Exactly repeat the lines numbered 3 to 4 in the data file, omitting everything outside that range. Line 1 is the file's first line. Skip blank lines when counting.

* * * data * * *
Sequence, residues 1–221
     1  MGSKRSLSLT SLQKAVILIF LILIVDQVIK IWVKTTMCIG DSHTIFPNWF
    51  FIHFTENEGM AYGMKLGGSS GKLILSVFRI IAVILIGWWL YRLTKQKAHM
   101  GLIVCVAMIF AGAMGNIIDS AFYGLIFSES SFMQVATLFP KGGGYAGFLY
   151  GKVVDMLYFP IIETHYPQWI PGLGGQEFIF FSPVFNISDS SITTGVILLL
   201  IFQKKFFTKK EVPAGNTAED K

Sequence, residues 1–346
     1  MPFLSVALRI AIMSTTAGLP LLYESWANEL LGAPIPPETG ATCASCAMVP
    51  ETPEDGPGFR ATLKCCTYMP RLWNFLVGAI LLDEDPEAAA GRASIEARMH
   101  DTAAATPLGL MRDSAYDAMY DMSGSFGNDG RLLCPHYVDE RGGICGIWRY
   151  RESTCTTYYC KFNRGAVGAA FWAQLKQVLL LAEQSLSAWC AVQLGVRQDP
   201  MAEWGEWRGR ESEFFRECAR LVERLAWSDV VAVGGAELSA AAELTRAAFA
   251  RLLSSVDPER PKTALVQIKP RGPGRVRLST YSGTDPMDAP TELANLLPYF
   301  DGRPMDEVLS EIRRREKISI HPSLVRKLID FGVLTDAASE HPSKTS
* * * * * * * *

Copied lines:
    51  FIHFTENEGM AYGMKLGGSS GKLILSVFRI IAVILIGWWL YRLTKQKAHM
   101  GLIVCVAMIF AGAMGNIIDS AFYGLIFSES SFMQVATLFP KGGGYAGFLY